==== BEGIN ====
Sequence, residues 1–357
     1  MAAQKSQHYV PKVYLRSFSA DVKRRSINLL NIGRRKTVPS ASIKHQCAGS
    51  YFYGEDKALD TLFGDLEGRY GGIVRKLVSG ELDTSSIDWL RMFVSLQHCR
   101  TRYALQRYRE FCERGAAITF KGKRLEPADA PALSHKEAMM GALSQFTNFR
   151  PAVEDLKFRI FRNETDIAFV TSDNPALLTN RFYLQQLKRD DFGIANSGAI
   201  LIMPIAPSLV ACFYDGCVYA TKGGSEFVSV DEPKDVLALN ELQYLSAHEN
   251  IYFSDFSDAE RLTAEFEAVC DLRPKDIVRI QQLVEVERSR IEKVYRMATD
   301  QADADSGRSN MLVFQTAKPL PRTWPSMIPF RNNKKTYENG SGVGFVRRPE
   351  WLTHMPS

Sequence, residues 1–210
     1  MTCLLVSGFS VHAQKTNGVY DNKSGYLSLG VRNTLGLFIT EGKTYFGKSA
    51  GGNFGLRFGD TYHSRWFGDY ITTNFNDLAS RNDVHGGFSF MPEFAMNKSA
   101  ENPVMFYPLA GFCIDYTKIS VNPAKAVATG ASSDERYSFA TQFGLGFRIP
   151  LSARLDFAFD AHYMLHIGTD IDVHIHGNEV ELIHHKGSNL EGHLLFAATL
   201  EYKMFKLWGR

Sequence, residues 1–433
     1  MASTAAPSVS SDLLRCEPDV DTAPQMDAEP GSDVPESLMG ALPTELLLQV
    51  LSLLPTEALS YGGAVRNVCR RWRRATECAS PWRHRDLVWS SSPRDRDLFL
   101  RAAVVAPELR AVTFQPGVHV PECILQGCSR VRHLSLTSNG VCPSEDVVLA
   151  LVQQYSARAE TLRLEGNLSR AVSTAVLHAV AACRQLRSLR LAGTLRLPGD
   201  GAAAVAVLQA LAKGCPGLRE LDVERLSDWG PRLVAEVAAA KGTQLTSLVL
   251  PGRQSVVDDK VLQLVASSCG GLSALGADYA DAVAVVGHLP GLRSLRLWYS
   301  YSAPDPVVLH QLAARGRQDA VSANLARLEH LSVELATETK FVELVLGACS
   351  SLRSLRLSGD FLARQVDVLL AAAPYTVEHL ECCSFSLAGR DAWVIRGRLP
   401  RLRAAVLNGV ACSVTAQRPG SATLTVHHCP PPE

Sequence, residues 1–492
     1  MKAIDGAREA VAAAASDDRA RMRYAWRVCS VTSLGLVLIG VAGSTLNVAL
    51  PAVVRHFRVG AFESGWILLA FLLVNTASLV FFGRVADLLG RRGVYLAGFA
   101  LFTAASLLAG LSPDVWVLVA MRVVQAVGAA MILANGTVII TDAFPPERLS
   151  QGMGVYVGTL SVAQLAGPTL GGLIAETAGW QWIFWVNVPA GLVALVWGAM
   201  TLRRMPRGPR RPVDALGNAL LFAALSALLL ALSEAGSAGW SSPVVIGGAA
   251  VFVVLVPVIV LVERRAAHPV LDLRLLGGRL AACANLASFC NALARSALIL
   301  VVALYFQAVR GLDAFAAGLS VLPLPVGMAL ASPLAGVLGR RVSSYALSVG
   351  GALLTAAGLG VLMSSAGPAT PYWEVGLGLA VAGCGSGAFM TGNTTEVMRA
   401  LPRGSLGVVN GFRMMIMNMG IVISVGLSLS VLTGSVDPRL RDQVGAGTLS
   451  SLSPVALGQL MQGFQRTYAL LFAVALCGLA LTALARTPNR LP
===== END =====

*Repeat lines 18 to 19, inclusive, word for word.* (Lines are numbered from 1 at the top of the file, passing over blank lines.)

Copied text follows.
    51  LSLLPTEALS YGGAVRNVCR RWRRATECAS PWRHRDLVWS SSPRDRDLFL
   101  RAAVVAPELR AVTFQPGVHV PECILQGCSR VRHLSLTSNG VCPSEDVVLA